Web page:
“For too long, pet stores have deceptively marketed and sold sick commercially bred puppies, passing them off as heathy pets from high-quality breeders. In this cruel and unconscionable business model, pet stores and out-of-state puppy mills profit, while families are left emotionally and financially drained caring for a puppy with painful, chronic or fatal illnesses or deformities,” said Matt Bershadker, ASPCA President and CEO. “We thank Attorney General James for holding Shake a Paw accountable for the pain they have caused so many New Yorkers.”

“I would like to thank the Attorney General’s office for working tirelessly for years on this case,” said Erin Laxton, a former Shake A Paw customer. “I appreciate that Shake A Paw is being held accountable for their deceptive practices. Coming to a resolution after so much time is a huge relief and I feel like I was able to get justice for my poor puppy, Merlin. I miss my puppy every day but I am proud to have been part of this process. With the stricter oversight and more truthful disclosures, I hope that no one else will have to experience what my family and I went through.”

“I want to thank Attorney General James’ office for taking action and helping people like me throughout this very emotional process,” said Meaghan Huber, a former Shake A Paw customer. “As a longtime dog lover and customer affected by the neglect of these small helpless puppies, I am happy that justice is being served. While nothing will ever fill the void of losing my family’s dog Mei Mei just shy of her second birthday and seeing her as sick as she was, we will always love her unconditionally and know she is running around pain free looking down on us with her angel wings. The puppies they mistreated never had a voice, but today the people behind Shake A Paw’s actions are finally being held accountable.”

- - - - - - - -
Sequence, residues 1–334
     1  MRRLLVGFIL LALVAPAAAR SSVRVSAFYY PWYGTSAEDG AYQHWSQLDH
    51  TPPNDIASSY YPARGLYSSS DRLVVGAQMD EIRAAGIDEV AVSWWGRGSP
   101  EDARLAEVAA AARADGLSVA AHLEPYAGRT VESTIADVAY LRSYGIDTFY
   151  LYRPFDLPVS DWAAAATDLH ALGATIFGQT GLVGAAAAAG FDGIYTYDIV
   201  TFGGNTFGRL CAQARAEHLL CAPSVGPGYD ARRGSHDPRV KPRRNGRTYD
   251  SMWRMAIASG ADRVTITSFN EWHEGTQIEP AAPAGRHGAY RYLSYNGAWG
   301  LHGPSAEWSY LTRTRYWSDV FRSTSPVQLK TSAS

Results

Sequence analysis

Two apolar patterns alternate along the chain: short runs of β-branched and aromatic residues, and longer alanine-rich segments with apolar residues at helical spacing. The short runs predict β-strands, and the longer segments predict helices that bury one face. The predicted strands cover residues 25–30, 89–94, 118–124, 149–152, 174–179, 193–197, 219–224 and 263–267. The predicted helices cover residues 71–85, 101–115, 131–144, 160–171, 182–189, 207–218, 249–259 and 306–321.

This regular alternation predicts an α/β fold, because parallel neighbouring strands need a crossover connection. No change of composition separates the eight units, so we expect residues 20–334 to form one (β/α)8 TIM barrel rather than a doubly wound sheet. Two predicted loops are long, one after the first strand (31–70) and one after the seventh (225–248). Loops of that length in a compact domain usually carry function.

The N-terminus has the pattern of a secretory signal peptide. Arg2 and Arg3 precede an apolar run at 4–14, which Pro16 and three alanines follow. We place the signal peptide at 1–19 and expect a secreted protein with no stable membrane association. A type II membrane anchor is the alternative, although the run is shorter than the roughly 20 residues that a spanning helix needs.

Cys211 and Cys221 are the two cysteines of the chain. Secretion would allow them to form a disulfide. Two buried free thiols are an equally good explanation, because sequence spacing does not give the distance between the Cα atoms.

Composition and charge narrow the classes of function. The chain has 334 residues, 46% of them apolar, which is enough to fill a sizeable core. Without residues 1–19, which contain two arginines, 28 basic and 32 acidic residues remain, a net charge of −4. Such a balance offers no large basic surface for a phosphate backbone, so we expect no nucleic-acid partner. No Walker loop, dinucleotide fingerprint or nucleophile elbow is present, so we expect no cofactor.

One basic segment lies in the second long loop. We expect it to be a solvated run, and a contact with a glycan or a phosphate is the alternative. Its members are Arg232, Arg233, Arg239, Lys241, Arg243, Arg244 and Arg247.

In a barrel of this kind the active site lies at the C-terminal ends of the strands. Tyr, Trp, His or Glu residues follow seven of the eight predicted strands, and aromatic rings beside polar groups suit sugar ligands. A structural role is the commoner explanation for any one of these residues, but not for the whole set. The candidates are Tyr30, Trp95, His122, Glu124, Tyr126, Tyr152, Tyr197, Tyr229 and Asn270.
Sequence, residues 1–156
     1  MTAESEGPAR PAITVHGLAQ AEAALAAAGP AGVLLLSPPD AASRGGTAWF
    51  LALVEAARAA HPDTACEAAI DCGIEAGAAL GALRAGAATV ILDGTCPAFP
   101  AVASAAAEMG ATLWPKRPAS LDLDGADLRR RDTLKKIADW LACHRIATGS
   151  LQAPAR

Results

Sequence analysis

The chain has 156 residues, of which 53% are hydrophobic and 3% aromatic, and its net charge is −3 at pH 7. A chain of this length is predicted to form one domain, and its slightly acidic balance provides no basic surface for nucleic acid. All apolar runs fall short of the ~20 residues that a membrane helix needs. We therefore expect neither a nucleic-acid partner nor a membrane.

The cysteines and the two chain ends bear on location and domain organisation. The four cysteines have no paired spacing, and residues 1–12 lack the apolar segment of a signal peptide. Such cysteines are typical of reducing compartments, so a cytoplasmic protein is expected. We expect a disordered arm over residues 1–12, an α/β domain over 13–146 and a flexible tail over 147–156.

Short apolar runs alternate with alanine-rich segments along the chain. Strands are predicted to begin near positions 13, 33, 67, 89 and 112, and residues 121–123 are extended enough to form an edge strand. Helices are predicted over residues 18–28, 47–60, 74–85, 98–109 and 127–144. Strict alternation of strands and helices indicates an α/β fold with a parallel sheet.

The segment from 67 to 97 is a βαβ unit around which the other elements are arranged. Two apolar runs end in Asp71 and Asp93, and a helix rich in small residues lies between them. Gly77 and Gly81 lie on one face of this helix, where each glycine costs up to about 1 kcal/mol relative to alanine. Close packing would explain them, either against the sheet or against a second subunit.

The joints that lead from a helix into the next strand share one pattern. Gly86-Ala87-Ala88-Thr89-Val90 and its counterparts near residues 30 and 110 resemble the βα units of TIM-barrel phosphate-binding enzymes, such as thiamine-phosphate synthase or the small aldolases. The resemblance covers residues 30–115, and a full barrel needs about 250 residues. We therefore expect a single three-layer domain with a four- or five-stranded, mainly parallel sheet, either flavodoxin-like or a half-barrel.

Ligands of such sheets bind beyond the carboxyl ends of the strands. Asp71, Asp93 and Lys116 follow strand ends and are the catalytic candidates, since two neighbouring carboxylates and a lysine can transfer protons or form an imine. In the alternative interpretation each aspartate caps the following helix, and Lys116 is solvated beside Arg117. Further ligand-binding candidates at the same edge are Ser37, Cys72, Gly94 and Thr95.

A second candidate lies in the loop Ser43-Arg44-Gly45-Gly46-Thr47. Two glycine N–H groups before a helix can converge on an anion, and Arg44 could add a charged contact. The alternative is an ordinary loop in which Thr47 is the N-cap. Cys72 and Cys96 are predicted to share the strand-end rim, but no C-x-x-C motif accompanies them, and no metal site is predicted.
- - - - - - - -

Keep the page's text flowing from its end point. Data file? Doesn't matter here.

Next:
Attorney General James urges New Yorkers who have been the victim of pet retailers using similar deceptive or fraudulent practices to file a complaint online.

The Attorney General’s Office would like to thank: Dr. Julie Fixman, DVM; Dr. Diane Levitan, DVM; Kathleen Summers, Director of Outreach and Research of the Humane Society of the United States Stop Puppy Mills Campaign, ASPCA; and Investigator Matthew Roper of the Nassau County SPCA for their assistance in this investigation. 

This matter was handled by Valerie Singleton, Assistant Attorney General in Charge of the Nassau Regional Office, Toni Logue, Deputy AAGIC, and Christina Bedell, AAG, with support from Consumer Frauds Representative James Sfiroudis, Investigators Paul Matthews, Michael Christian, Andre Job, Robert Pompey-Goodman, and Heather Harmer, Legal Assistants Elizabeth Hatchett and Karen Swett, Assistant to the Deputy Attorney General for Regional Affairs Tasha Bartlett, and interns Annie Wang, Ingrid Chung, and Zoe Basulto. Data Analysts Anushua Choudhury and Casey Marescot, under the supervision of Gautam Sisodia, Acting Director of Research & Analytics, Hewson Chen, Manager of Criminal Justice Discovery of the Practice Technologies Group, and Detective Investigator Eamon Murphy also assisted in this investigation. The Nassau Regional Office is part of the Division of Regional Affairs, which is led by Chief Deputy Attorney General for Regional Affairs Jill Faber. The Division of Regional Affairs is overseen by First Deputy Attorney General Jennifer Levy.